Amber Torrance (she/her)
A key focus in all my work is communication and how to push this to its most lateral and visual sense. I enjoy research and opening the minds of others by exploring obscure angles of well-known topics and this is seen in each of my projects. Especially in my Seeing Sound project as it is so mysterious in visuals yet direct in it’s purpose as it showcases unknown history of the BBC.
I enjoy being hands-on when I work, whether that is filming on location, exploring textured paper or utilising everyday objects in unusual ways for unexpected visuals. I think the more tactile, interactive and emotionally evocative I can be will always increase communication and engagement.
I want my work to be understood by all and tackling classism in design is a core value for me which is seen in my essay publication, Kitsch Values: A Defence. This project is one I am most proud of as it is so iconic due to embracing animal prints, bold colours and unique contrasting textures like gloss and felt. It is approachable and clear in its messaging due do its homage to Kat Moon from Eastenders as she is epitome of kitsch and someone loved for her unapologetic nature.
my MOONIE project stems from the night my grandparents met at the Astoria dance hall in Glasgow. I wanted to encapsulate the history of the old dance halls through found imagery and by utilising iconic Scottish phrases. The final design is a blend between nightlife in Glasgow then and now in an attempt to inspire club-goers today to borrow these traditional compliments.
Kitsch Values; A Defence
This publication embraces all things kitsch and debunks the many controversies surrounding it in writing. The visuals are inspired by Kat Moon from Eastenders’ fashion and home set design. This project is fun, tactile and expressive with materiality. With various references to Jeff Koons and early 2000’s aesthetics, this publication is dreamy on the outside and hard-hitting with its content.
Seeing Sound: BBC Radiophonics
The BBC Radiophonic Workshop team consisted of many talented female sound engineers who rarely got equal credit to their male peers. Maddalena Fagandini produced many successful tracks under the pseudonym Ray Cathode alongside fellow producer, George Martin. Sadly, over time Fagandini was overshadowed by Martin’s success with The Beatles despite the importance of her collaboration on ‘Time Beat’ which brought Ray Cathode to light.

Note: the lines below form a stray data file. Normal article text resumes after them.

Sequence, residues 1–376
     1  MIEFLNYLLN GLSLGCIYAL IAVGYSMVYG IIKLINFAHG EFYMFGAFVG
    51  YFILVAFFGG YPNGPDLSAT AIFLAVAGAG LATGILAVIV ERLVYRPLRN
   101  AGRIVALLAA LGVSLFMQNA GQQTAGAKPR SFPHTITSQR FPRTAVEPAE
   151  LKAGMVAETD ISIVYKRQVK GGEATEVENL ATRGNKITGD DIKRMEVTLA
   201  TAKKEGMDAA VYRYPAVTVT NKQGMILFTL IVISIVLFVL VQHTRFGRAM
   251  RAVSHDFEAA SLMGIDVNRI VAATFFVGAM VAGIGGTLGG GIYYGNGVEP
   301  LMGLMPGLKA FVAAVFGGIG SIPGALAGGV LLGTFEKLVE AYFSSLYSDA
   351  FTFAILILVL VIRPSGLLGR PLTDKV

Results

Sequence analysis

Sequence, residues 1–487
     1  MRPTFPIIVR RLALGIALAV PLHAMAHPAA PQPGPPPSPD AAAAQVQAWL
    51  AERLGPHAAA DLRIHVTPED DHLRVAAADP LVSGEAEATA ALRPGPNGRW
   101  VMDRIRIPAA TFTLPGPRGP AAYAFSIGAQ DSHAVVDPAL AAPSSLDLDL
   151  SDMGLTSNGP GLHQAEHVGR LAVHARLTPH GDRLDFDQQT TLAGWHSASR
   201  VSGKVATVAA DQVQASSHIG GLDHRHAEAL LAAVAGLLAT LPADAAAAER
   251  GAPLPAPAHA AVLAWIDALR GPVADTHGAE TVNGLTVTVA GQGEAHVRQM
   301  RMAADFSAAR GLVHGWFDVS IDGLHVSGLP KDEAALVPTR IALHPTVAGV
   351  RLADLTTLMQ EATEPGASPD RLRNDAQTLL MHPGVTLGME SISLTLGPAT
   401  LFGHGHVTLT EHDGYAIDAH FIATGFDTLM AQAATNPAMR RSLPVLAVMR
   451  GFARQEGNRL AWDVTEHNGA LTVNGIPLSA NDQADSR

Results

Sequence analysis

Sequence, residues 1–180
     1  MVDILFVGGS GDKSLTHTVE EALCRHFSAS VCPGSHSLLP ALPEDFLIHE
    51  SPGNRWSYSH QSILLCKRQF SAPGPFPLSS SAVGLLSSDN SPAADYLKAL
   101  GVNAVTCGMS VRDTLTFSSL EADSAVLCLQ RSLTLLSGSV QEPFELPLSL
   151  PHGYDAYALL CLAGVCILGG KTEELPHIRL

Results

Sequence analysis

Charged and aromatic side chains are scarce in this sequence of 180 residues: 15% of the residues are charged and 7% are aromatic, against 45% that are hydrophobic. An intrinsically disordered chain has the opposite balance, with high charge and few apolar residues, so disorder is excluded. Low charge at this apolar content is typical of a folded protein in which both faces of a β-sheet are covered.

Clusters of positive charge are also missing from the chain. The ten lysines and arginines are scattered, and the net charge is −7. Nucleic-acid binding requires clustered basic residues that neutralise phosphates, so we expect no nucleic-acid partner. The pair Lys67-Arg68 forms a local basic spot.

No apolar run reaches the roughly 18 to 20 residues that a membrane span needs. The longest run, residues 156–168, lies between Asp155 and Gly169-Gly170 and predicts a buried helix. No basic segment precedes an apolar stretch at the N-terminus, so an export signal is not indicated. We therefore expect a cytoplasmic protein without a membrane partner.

This project aims to highlight this critical figure in the workshop’s history by presenting Fagandini’s creations with other-worldly visuals. I wanted to contrast the technical nature of the sounds by using natural materials. Historic experimental film makers like Marie Menken’s ‘Glimpse of the Garden’, influenced how I filmed the video regarding zoom and pacing. My research into materiality and how to portray the layers of sound in Maddalena Fagandini’s work lead me to cymatics which is using the vibrations of sound to manipulate substances like water or sand. At certain frequencies, formations and patterns occur which helped guide how obscure the visuals should be. Mould artist, Dasha Plesen is another key reference as her colourful and textured work inspired me to play more and to manipulate the natural outcomes for the most intriguing visuals.
NYOLO; An Existential Campaign
This project stemmed from a workshop with London based design company Moving Brands. The workshop required us to mesh a philosophy and an industry into a brand, I was given existentialism and football and through research the name was inspired by humble Chelsea player, N’Golo Kante. As the project progressed, I contextualised the key values of existentialism (free will and existence) into a campaign set during the first COVID-19 lockdown when football fans were banned from stadiums. I wanted to explore how this time felt for the players and fans who live for the game. The video therefore follows a structure and tone similar to the 7 stages of grief and ends with a campaign slogan that is a mindful take on existentialism, ‘Play for Purpose.’